Recycling, reducing waste, and banning plastic are all movements that have been around for a while and get strong public support but the involvement of some big retail players has just upped the stakes.
In the last week both McDonalds and Coca Cola have made some significant statements about their intent to become waste neutral. QVM has played its own part in the past with a number of recycling and waste minimising strategies including the promotion of biodegradable plastic bags. However a casual observation of our customers leaves the impression that we are still a major polluter. Cheap plastic bags that show up in streets, land fill, and oceans are a common sight in QVM aisles.
Mc Donalds have said that within 10 years 100 percent of guest packaging (wrappers, cups, and other packaging) will come from renewable, recycled, or certified sources. In addition they will recycle all packaging by 2025, and ban all foam products by the end of 2018. "Our customers have told us that packaging waste is the top environmental issue they would like us to address. Our ambition is to make changes our customers want and to use less packaging, sourced responsibly and designed to be taken care of after use."
Coca Cola aims to collect and recycle 100% of its packaging by 2030. They call it their World Without Waste vision. “Companies like ours must be leaders. Consumers around the world care about our planet, and they want and expect companies to take action. That’s exactly what we’re going to do, and we invite others to join us on this critical journey.” said a Coca Cola spokesperson.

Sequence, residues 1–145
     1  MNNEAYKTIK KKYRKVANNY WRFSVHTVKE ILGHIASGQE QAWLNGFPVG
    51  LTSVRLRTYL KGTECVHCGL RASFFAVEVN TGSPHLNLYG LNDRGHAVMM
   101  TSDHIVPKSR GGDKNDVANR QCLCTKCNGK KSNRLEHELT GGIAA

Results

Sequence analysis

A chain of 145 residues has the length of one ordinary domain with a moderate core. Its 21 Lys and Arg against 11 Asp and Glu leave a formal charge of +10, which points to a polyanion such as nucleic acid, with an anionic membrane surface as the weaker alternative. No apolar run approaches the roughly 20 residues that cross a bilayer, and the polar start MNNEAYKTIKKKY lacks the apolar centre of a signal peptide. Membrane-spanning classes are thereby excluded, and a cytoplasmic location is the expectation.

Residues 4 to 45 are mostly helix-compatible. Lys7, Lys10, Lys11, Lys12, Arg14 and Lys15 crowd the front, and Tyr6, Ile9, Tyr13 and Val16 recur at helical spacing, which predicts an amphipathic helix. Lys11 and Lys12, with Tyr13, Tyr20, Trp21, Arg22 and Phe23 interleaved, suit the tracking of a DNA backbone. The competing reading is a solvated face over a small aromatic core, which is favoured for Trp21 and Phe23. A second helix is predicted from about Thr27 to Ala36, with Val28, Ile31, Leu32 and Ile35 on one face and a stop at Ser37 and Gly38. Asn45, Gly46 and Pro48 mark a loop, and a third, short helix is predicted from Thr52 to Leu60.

And it is not just retailers and beverage suppliers who are on the social responsibility bandwagon. An article in the business section of the Age last week questioned the old concept of “share holder value”, or more specifically “shareholder value at any cost”. The CEO of the world’s biggest funds manager said last week - "Society is demanding that companies, both public and private, serve a social purpose.” "To prosper over time, every company must not only deliver financial performance, but also show how it makes a positive contribution to society." This is a significant change in the mindset of corporations and clearly a response to changing society standards.
Plastic bags are nice and cheap but they also pollute and the profit motive no longer stands alone. There are alternatives to polluting plastic bags and every trader needs to consider their use. The next time you hand a plastic bag to your customer and they frown you will know why. And you may have just given them another reason to shop elsewhere.